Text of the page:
Last week, during a call between Bob Lighthizer, Steve Mnuchin and Vice Premier Liu He, the Chinese made a small peace offering to the Trump administration.
Specifically, Liu suggested China might be willing to make “modest” farm purchases in exchange for an agreement from the Trump administration not to raise the tariff rate on $250 billion in products on October 1.
According to people familiar with the talks, Beijing is also looking to see some export restrictions on Huawei lifted.
Read more: China Said To Offer ‘Modest’ Farm Purchases In Exchange For Delay Of October 1 Tariff Hike
As discussed over the weekend, that doesn’t say much for where these negotiations currently stand, but news of the call was enough to contribute to a second consecutive week of gains for US equities.
Fast forward to Tuesday and risk assets responded in predictable knee-jerk fashion to a SCMP article which appears to tip the same “modest” proposal from Beijing. More importantly, the piece says that the working-level talks ahead of the principal-level negotiations are centered around the text of a deal that’s reminiscent of the 100-page draft that Xi reportedly took a red marker to just prior to Trump’s May 5 meltdown.
“China is expected to agree to buy more American agricultural products in hopes of a better trade deal with the United States as the two nations prepare for a meeting between their top negotiators next month”, SCMP reports, citing a source familiar with the talks, who also said “working-level officials were discussing the text of a deal… based on a draft the two sides negotiated in April”.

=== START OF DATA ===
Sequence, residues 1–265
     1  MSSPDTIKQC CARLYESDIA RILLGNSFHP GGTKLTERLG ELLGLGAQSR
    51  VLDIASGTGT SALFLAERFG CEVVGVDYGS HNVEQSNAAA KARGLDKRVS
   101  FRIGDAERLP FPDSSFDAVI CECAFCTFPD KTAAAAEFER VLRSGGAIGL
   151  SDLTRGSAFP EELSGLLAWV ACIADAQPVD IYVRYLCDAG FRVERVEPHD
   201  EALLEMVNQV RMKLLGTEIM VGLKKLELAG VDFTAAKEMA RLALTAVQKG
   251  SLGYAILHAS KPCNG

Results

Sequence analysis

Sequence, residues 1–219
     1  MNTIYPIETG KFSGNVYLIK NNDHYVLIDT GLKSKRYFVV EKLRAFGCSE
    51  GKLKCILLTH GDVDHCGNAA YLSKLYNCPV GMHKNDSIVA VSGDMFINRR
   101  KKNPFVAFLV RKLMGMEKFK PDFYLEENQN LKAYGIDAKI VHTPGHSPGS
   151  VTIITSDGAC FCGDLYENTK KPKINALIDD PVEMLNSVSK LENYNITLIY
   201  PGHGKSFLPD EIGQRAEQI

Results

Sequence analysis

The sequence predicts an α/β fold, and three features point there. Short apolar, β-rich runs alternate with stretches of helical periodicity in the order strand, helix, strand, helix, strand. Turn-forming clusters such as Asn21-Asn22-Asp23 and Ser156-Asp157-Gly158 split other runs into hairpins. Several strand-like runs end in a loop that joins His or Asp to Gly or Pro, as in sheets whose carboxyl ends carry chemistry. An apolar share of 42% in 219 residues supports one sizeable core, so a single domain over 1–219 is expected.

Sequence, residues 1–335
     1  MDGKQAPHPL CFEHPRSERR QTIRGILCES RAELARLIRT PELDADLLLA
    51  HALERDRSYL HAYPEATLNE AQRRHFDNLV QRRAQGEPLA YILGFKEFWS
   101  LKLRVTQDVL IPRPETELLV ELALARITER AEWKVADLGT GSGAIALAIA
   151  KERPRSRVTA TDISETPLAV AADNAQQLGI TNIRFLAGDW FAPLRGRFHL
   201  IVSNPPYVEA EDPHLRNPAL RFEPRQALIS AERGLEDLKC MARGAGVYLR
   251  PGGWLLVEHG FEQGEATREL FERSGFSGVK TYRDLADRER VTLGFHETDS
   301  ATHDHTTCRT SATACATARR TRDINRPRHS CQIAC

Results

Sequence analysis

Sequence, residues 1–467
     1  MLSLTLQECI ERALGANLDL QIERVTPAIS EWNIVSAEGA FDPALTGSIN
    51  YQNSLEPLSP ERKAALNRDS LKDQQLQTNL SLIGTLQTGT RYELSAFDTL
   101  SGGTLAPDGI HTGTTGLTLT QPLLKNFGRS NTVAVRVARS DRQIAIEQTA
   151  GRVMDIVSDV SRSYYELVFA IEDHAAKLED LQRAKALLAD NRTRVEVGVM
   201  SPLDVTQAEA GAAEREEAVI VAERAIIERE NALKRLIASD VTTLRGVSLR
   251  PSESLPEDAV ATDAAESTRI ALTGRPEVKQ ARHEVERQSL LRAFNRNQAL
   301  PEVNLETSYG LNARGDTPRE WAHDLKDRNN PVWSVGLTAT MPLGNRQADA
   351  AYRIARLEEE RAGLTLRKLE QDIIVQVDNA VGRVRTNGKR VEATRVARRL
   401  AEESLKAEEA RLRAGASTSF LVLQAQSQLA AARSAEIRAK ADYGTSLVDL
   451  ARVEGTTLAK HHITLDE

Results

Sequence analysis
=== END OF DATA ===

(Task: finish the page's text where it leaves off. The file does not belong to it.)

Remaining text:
That text will be at the center of the pow wow between Liu, Lighthizer and Mnuchin when the Chinese delegation arrives in Washington in early October.
SCMP parrots Politico’s reporting from Friday in saying that any farm purchases would likely be contingent on Trump delaying the October 1 tariff hike and easing the Huawei ban.
Crucially, the source said “China could also offer more market access, better protection for intellectual property and to cut excess industrial capacity”.
Those are all things the market (and the US) has heard before, but this latest reporting is more definitive than what’s come out of the rumor mill over the last several weeks.
Still, the source cautioned that Beijing “would be more reluctant to compromise on subsidies, industrial policy and reform of state-owned enterprises”, all sticking points in previous discussions.
Take it all with a grain – or maybe a whole shaker – of salt.